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Around the time Plugged In was born, my then-college boyfriend asked if I had "electronic mail." I remember raising an eyebrow and asking, "What is it, and where do you put it?" He patiently explained this strange new technology, but he might as well have been speaking Farsi. Most people didn't understand it back then.

Oh, how times have changed.

By the mid 1990s, e-mail was an indispensable part of our lives, in the office and out. But it has gradually grown passé. Now e-mail's sugared-up grandchild, social networking, is the new Internet juggernaut—especially the public beehive known as Facebook. Facebook's influence is so widespread that if it were a country, it would be the third largest on earth, with more than 500 million citizens worldwide. In the scramble to hop on the social media bandwagon, however, let's not lose sight of the "pre-Facebook" age, when people survived quite nicely without status updates ("I'm eating a donut") and FarmVille. I frequently wonder just how all of this is impacting us.

Some sociologists say the global popularity of social media is the biggest cultural shift since the Industrial Revolution. A recent study of 18- to 34-year-old women found that 57 percent talk to people online more than they talk to people face-to-face. Such research, along with personal observations, is likely what prompted Wilson Quarterly contributor Daniel Akst to write, "Friends are everywhere in our culture—the average Facebook user has 130—and friendship, of a diluted kind, is our most characteristic relationship: voluntary, flexible, a 'lite' alternative to the caloric meshugas of family life."

The "lite" part bothers me. And the notion of flimsy friendships through social media seems counterintuitive, since users routinely share things that would have been considered intensely private 20 years ago. As Facebook founder Mark Zuckerberg said of networking, "People have really gotten comfortable not only sharing more information and different kinds, but more openly and with more people. That social norm is just something that has evolved over time."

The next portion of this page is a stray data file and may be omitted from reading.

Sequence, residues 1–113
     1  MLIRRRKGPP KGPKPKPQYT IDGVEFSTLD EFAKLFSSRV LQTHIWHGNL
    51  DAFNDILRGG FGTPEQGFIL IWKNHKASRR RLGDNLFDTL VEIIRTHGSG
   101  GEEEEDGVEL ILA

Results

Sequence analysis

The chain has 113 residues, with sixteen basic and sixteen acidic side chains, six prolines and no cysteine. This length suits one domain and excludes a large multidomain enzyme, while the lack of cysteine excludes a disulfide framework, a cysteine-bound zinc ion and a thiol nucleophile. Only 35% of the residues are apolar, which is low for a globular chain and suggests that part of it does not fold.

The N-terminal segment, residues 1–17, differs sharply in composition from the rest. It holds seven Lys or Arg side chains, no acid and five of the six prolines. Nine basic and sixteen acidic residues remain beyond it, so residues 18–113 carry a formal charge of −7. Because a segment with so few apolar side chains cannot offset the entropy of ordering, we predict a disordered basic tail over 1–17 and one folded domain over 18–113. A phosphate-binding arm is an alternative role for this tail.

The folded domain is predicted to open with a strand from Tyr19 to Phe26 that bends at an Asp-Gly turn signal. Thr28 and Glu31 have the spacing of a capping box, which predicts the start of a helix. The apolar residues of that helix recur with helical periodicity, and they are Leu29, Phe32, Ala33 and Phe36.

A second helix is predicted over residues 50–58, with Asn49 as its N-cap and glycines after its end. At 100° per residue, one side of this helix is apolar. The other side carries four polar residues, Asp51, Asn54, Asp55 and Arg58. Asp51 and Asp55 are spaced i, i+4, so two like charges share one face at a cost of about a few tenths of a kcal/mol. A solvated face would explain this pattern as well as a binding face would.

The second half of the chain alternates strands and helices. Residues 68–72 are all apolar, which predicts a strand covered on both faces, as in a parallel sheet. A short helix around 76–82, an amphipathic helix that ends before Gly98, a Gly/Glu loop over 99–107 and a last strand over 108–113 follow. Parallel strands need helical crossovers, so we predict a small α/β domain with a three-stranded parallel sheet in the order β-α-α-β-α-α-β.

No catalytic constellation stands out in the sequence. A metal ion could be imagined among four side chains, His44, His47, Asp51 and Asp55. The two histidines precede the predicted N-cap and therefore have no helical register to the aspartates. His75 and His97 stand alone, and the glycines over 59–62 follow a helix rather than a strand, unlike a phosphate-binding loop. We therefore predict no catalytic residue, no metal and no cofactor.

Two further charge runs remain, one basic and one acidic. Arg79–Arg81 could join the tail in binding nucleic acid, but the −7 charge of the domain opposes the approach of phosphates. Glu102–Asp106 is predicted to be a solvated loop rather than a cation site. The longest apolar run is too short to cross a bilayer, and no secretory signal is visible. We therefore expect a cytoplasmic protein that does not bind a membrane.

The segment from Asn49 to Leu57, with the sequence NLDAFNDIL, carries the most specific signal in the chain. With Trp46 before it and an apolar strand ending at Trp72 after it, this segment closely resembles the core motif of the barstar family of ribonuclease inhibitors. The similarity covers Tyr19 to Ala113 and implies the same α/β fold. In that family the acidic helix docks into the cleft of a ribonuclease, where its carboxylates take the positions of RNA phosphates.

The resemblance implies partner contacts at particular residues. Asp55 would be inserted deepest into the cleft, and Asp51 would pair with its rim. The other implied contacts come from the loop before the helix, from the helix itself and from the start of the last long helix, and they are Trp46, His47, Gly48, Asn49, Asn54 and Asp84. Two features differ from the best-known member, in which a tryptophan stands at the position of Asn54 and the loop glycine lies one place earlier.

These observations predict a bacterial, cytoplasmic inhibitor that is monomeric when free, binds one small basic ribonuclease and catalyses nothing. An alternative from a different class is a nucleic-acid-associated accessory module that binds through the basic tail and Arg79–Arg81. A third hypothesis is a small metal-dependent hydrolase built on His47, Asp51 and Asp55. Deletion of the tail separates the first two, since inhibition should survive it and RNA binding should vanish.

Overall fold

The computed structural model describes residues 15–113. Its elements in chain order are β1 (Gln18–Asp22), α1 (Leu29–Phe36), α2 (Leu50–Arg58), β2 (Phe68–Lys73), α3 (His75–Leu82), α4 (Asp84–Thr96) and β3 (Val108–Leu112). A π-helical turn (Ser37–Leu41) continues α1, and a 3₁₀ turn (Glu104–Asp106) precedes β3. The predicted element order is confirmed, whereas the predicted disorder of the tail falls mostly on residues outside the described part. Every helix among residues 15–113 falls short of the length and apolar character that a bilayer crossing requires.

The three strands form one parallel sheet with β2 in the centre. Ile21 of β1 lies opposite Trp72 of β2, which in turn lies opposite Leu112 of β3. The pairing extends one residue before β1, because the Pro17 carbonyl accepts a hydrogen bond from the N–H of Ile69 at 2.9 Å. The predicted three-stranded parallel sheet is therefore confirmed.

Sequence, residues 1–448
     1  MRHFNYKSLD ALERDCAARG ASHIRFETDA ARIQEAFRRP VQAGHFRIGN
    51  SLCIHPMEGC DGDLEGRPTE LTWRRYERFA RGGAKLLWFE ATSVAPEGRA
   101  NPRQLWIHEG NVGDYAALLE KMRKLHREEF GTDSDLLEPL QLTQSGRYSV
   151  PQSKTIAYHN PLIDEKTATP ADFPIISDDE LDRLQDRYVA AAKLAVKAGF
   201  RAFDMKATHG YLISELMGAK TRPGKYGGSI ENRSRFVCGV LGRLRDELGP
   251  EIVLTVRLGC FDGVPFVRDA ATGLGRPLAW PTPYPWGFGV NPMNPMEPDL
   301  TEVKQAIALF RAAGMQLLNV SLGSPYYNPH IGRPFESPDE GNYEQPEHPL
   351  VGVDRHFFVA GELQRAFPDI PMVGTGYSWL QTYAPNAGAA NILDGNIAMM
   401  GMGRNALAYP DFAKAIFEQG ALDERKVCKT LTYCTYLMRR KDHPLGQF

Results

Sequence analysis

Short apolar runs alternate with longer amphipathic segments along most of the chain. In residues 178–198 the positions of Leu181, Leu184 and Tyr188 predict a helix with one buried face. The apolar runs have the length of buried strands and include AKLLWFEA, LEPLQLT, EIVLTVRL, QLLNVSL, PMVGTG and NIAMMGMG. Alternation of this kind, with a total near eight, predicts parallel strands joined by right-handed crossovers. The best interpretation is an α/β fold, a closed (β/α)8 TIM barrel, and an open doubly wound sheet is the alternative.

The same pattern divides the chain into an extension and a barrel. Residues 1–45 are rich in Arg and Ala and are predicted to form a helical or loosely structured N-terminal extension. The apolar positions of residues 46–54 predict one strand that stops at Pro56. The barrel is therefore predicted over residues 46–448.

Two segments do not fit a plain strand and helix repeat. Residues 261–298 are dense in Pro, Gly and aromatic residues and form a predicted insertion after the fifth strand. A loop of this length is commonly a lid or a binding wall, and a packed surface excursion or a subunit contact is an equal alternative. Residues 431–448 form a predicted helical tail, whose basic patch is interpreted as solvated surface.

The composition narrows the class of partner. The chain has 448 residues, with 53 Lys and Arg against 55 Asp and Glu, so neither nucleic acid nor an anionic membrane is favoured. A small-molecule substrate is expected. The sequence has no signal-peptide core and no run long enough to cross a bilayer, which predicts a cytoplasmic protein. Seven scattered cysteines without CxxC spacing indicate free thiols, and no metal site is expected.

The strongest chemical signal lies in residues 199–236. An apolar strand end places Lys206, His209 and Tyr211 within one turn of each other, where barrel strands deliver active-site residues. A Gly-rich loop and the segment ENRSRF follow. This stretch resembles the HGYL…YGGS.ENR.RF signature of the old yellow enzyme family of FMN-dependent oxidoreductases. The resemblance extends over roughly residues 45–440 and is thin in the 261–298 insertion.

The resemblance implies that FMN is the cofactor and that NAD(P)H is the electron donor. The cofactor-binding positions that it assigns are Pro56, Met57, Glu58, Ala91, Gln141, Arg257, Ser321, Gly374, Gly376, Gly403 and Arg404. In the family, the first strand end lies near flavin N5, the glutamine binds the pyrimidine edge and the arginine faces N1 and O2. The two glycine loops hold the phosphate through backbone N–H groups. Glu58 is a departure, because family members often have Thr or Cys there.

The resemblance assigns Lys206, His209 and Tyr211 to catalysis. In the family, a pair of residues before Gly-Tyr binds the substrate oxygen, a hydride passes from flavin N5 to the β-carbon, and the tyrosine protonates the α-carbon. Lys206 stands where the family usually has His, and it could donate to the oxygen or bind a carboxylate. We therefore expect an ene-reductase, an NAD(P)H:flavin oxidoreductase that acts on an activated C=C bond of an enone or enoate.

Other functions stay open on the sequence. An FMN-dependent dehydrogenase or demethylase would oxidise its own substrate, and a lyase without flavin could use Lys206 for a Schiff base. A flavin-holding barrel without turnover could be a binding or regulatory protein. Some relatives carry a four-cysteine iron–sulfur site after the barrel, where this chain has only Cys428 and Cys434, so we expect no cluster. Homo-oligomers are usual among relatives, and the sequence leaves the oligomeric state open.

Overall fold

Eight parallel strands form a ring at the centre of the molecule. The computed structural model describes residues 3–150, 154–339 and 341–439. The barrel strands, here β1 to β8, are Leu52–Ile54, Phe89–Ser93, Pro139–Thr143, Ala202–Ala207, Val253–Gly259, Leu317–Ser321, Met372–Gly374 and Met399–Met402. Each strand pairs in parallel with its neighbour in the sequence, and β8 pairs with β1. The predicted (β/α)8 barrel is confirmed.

With that in mind, has social networking advanced our culture or set us back? Certainly both to various extents. But as people share anything and everything with no one in particular (hoping to be noticed in the process), it can't help but cause static that hinders us, relationally. Jack White of the rock band The White Stripes told Blender magazine, "In this day and age, every band wants to say, 'Come look at what we do, all the time. You wanna see me in my underwear? You wanna film me while I'm sleeping?' America has traded culture for entertainment and technology. How can you ever come back from that?"

That's a good question. And since social media is fundamentally changing how our world thinks and communicates, it's worth taking a private look at how we use it … so that it doesn't use us.

You'll find this article and other 20th anniversary reflections—including quotes, letters, statistics, a timeline, trivia and more—in our special online flipbook. Click here to check it out!

Published October 2010